“I understand that in general, we are going through a hard time in this country, which has resulted in a lean budget for the center and its activities, but here we feel further away than ever, since we get hardly any support,” he said. “We even lost the office we used to have, and now we all work from home, but we always had direct contact with Carlos Canales, with whom we coordinated the work we do here in Farmingville.”
We asked Saul Linares, elected chairman of the Workplace Project’s Board of Directors last November, for his reaction to what has been happening at the center.
“As a Board, we do not yet have an opinion,” he said. “The situation is a difficult one, and if there is a crisis, we can’t cover the sun with one hand, but we will resolve this internally. So I cannot offer anything since in such cases we must be guided by the bylaws, and we must adhere to the codes of confidentiality.”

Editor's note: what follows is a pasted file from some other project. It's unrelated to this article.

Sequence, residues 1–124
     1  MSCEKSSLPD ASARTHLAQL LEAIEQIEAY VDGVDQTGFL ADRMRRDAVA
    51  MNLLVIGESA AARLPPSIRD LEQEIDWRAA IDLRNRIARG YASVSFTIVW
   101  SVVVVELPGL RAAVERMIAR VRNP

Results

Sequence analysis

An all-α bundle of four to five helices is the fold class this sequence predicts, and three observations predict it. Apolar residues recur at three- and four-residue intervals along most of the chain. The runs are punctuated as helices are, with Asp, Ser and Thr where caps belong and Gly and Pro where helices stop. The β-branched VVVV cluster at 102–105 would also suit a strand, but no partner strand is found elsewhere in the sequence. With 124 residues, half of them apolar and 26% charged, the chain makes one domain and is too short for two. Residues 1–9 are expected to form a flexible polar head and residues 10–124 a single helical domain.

We asked him about reports of a lawsuit to be filed by Canales charging Pérez with arbitrary dismissal, and he said that even if they do not yet know the details, the board must meet this week to analyze the case and come to a decision.
“There is a process for all of this which must be followed,” he said. “I understand that there has been a short circuit in the hierarchy and the case has not followed a normal course, which is why even some members of our board are confused and do not understand very well what the process is, but as I say, it has only been a little while since this began and we’ll have to wait and see what comes, but what is clear is that our board will be able to resolve this. I am not authorized to make declarations on this case; if any of the board members have done so, I am sure it was in the heat of the moment that are experiencing at the center, but there is an agreement that it will not go beyond this fact.”
Linares added that there are differences of opinion about the case on the board, which is normal for any organization.
“We have listened to all the arguments,” he said. “Some are valid, others debatable, but it will be our board that makes the decision in this case.”
Finances in Question